Jersey Beat Music Fanzine

Dan McLane, RIP

If you live long enough, death catches up to you, and I've lost way too many friends - to AIDS, to cancer and heart disease, to suicide, and, yes, to drugs. But Dan McLane's passing has been one of the hardest to deal with. Dan was a core member of the Harmonica Lewinskies and more recently his own group, the Dan McLane Family Band. He was a musician, singer, songwriter, but more importantly, one of the brightest spirits I've ever known. Oliver Ignatius, the guru of Mama Coco's Funky Kitchen, said it best:
"It is our most crushing loss, and it is our deepest defeat, to confirm the untimely passing of our beloved soul brother number one Dan McLane, pillar of our community, life-giving lover of the universe, the warmest, gentlest and most kind human we have known."

In remembrance, I'm reposting this interview I did with Dan and the Harmonica Lewinskies in 2012, when Octopus Wallstreet was released. Dan was one of the first friends I made when I discovered the Mama Coco's collective and all it took was about a second; one big smile and one of Dan's gregarious bear hugs and he made me feel like we'd already been friends for years. Dan had that effect on everybody. All we can do to honor his memory is to try and follow his example: Be a little kinder, a little more generous, a little more loving, and a little more life-affirming every day we remember him. And we will remember him always. - Jim Testa

by Jim Testa

If you’ve been reading lately, you know that I’ve become enamored with a collective of musicians who are building a scene in Brooklyn around Mama Coco’s Funky Kitchen, the DIY studio run by Oliver Ignatius and Justin Coles. Bands like power-poppers The Great American Novel and The-All-About, Ignatius and Coles' group Ghost Pal, the post-psychedelic Sons Of An Illustrious Father, math-rockers No Shoes, and the poppy Jean Jackets (to name just a few) are creating not just an impressive body of recorded work, but a true community – sharing gigs and turning them into parties where it feels as if you’re part of something that’s bigger than just a single set or show.

One of the bands at the heart of the Mama Coco’s community is the Harmonica Lewinskies; as it says on the group’s Facebook page, “Funny name. Serious music.”
Six extraordinarily talented musicians – three of whom take lead vocal turns – come together for a fusion of blues, R&B, soul, and good old rock ‘n’ roll. It’s like a party where someone invited Sam & Dave, Zappa, a young Elvis Costello, and Chuck Berry, and they all start jamming. They sing about girls, and rocking out, and girls, and falling down drunk, and girls; “How To Run A Business,” my favorite Lewinskies tune, is a multi-part tour de force about a happy ending massage parlor visit that segues from a pokey country intro to a feverish Exile On Main Street R&B jam. You’ll usually find the Lewinskies at a show wearing white shirts and skinny black suspenders. I’ve already raved about the new album, Octopus Wallstreet (here); now you can meet the band.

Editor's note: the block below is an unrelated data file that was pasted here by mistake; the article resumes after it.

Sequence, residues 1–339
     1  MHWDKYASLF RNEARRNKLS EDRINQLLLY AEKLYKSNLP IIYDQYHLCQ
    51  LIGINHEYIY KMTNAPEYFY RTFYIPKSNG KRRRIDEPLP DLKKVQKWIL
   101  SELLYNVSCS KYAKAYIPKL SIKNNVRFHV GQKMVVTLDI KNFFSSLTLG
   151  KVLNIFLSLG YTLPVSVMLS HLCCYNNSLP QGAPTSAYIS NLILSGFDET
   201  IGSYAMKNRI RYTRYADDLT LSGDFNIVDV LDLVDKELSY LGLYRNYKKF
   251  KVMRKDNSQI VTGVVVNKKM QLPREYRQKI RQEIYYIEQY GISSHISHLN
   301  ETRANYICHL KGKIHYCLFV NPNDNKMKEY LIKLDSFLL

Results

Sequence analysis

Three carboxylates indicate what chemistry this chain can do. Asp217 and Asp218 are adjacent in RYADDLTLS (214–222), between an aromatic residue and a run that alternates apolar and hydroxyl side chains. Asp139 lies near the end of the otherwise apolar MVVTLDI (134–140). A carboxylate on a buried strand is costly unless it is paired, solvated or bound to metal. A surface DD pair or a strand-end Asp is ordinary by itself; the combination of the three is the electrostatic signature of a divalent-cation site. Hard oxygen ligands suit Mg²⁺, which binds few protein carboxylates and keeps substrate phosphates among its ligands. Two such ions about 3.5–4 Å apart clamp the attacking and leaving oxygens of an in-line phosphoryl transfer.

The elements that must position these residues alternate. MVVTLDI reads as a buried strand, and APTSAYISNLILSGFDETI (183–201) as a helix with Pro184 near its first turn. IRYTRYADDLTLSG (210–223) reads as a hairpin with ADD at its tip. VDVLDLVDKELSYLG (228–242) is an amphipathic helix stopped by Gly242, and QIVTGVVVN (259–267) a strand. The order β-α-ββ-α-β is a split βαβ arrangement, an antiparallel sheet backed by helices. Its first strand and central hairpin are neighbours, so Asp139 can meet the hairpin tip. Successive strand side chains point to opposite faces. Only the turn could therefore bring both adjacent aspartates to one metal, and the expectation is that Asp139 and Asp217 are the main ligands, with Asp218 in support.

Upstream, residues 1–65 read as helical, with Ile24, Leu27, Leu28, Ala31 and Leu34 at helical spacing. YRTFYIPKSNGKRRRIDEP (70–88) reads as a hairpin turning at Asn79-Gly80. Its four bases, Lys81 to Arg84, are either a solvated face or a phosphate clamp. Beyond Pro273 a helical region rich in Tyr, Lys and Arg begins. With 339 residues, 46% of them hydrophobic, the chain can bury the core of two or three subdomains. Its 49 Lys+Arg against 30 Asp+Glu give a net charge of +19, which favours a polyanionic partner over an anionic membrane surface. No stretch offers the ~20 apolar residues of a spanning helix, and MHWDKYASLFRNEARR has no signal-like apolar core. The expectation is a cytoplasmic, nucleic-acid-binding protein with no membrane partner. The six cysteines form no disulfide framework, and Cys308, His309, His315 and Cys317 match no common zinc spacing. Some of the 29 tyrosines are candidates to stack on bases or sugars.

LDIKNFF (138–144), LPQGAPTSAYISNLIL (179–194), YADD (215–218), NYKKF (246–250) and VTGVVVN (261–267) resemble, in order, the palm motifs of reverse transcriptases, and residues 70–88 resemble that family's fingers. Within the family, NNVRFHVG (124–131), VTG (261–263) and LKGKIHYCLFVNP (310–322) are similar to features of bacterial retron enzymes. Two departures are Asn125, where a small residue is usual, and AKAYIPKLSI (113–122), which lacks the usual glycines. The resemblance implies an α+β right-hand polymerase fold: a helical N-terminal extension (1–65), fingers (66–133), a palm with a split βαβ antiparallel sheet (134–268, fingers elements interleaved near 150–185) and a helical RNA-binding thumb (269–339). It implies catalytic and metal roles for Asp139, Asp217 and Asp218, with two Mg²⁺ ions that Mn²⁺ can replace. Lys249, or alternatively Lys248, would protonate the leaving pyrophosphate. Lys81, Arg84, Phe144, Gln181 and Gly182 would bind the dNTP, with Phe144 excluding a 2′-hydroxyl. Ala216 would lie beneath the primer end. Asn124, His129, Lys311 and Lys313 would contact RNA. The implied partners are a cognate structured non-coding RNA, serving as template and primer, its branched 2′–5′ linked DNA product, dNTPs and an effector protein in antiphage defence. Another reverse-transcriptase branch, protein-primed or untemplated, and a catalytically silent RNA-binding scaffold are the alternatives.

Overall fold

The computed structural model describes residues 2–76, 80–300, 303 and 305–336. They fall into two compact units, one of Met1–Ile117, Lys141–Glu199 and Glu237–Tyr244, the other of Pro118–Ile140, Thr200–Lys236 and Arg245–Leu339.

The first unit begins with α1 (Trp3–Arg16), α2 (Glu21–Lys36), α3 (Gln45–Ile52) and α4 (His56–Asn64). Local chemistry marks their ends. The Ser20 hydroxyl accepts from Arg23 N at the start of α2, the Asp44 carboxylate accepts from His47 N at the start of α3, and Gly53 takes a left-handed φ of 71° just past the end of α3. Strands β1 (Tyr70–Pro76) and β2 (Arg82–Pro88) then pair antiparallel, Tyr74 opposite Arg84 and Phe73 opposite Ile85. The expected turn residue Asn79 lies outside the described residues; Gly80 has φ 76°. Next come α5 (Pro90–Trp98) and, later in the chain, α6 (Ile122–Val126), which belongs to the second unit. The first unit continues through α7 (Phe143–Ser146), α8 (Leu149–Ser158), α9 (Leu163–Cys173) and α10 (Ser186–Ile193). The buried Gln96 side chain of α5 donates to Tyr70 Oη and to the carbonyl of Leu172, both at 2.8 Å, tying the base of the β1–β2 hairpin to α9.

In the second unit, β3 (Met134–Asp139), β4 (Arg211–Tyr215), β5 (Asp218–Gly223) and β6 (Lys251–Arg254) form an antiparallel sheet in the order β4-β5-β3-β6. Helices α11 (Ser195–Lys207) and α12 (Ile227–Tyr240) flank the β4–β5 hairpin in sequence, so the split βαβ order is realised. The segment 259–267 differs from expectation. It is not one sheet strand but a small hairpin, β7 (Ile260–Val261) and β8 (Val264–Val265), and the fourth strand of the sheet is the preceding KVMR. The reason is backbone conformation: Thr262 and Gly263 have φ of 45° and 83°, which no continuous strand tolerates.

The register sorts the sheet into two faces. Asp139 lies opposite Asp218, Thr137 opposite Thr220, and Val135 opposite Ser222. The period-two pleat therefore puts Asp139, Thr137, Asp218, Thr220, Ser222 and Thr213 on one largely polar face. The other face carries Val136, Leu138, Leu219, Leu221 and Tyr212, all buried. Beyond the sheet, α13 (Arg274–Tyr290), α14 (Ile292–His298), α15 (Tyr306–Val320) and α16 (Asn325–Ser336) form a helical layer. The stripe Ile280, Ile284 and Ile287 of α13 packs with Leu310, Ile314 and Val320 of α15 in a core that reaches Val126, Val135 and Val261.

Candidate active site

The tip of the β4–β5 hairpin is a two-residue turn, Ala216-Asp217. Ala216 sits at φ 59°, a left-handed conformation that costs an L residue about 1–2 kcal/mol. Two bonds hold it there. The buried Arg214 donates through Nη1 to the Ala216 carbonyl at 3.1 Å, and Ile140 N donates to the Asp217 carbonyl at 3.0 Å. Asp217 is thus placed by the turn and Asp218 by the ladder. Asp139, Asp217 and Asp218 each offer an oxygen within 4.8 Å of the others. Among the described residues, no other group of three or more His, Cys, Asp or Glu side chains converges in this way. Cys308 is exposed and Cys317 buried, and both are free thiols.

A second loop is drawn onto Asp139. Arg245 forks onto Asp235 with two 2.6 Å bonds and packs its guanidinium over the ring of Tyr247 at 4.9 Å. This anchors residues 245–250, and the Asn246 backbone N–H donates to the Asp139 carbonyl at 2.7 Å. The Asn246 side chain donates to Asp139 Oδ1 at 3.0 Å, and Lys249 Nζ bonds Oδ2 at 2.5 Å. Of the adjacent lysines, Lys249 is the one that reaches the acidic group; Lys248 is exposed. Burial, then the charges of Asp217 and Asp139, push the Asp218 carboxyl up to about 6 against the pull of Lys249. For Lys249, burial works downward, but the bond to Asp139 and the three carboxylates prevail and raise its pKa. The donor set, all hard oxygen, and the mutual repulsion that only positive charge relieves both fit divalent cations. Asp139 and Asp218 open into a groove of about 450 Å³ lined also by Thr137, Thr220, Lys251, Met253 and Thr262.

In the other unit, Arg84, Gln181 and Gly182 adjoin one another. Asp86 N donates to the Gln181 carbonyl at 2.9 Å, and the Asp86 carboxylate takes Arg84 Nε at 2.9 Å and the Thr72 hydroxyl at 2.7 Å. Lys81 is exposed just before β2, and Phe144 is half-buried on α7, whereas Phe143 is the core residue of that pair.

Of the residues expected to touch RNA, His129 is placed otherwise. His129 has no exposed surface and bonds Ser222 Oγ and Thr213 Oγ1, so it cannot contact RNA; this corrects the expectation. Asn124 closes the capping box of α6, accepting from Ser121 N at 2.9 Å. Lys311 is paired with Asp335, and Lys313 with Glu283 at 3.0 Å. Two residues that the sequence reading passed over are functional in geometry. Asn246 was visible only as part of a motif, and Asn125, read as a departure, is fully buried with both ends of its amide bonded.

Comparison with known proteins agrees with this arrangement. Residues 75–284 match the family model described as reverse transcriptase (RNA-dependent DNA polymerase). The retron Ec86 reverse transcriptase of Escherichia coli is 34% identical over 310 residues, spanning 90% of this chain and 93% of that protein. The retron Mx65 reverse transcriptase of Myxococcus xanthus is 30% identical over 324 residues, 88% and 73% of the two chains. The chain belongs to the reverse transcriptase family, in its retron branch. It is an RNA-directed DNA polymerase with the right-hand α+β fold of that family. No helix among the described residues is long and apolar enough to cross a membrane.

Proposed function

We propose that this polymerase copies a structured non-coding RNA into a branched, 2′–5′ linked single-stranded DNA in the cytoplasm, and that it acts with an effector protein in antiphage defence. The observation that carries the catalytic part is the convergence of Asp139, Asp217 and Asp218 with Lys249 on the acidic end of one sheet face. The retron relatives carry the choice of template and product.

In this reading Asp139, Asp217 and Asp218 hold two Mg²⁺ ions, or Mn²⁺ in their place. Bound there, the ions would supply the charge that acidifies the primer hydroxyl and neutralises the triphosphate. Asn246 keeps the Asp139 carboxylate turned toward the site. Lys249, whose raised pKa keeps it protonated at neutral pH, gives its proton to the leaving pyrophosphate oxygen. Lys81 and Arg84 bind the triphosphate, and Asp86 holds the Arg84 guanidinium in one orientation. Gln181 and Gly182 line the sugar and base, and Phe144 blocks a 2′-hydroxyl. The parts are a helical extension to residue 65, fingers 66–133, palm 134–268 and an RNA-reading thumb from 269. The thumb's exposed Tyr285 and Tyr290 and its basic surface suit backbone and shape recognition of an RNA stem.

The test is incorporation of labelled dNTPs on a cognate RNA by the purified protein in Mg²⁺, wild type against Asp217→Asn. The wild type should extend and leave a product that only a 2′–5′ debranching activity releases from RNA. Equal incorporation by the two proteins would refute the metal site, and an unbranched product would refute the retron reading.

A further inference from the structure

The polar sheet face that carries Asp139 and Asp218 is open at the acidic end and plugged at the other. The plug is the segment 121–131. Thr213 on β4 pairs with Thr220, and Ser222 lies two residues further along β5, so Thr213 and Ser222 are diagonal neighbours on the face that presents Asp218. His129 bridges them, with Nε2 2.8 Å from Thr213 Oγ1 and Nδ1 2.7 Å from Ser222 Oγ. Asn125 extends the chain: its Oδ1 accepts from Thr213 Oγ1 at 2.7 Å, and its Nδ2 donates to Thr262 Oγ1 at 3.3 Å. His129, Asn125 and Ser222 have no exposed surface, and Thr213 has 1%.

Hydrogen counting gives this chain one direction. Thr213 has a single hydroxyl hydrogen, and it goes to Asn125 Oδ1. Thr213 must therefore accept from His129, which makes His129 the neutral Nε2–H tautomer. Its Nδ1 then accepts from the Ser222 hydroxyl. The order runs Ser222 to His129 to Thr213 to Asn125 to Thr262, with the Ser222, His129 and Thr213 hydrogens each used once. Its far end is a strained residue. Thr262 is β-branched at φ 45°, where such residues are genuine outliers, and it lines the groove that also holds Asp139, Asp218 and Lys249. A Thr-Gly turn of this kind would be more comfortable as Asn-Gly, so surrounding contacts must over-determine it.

This interview was done at a Mama Coco’s Funky Kitchen showcase in Brooklyn; present were Roberto Bettega (guitar/vocals,) Dan McLane (guitar/vocals,) Will Simpson (lead guitar/vocals,) Jake Warren (sax, harmonica, piano,) Zebedee Row (bass, backing vocals,) and Oliver Fetter (drums). Just to make things more complicated, also present were Oliver Ignatius, producer and co-owner of Mama Coco’s; Devin Calderin (keyboardist extraordinaire;) and Mama Coco’s co-owner Josh Tobin. Got it? Good.

Q: Let’s start with the basics. How and when did you guys come together?

Dan: We started in college. I met Will when we were freshman roommates in the dorms. Then I got kicked out of the dorms. Actually we all got kicked out of our dorms. And then I took a songwriting class that was a big help, it really got us all started doing what we’re doing now. And I met Rob the first day and… there I was, a freshman, and he embarrassed me in front of the whole class. And then we started a band.

Roberto: Of course me and Jake have a totally different story. We met at Marymount, the same school, and then we started playing together. We had this drummer named Vic and we jammed all the time in Jake’s apartment. Vic recorded the first song we ever wrote, “Horizontal Yellow And Blue.” And then from there, Vic moved away and we got
Oliver (Fetter) to play drums for us. But before that, Oliver and I were playing in a band together called Vanilla Thang. We also called it Chocolate Tooth. So Jake and I were playing, and Ollie and I were playing, and then I took a class with Will and Dan, and it all kind of fell together.

Jake on the sax, Dan on the beat

Q: So the bad band names did not start with Harmonica Lewinskies?

Roberto: The actual name came much later.

Will: We had a lot of dumb names. The Tony Danzas. The Socials. We played a show as Pants Optional. The Compliments. Bag Of Rocks. The name Harmonica Lewinskies came about two years ago. We started out as a cover band. Then we started playing at National Underground and we started playing consecutive gigs and we started to take it a little more seriously, so we settled on the one name.

Roberto: I think what really pushed us to be a little more professional is when we saw The Bennys play, and they had the sax player, and they did really great covers, and it was really energetic. And they had a uniform thing going, all wearing the same thing. That really inspired us. We got Jake to start playing sax on stage with us right after that.
Will: Before that it was just a party at every show. Although it still is. But really it was a lot more about just getting drunk than making music at first, and then we started taking it more seriously.

Q: When did it become apparent that your sound would revolve around blues and R&B? That’s really not the kind of thing that young guys from Brooklyn are into these days.

Jake: I think that was obvious right from the beginning. I come from a strictly jazz/blues background and so does Will.

Will: I think we’ve always been listening to older music.

Dan: Will has I-IV-V tattooed on his chest. (Note: that’s the basic blues chord progression.) That shows how serious he is about it.

Will: We definitely have a lot of roots in older music – 50’s, 60’s, 70’s music.

Q: You guys don’t do this with any kind of irony or “retro” vibe though, you’re totally serious about your love of that kind of music. Which is interesting, because that’s not exactly going to have Brooklyn Vegan knocking down your door to write about you. Was the fact that what you’re doing is so outside what’s trendy ever become a consideration?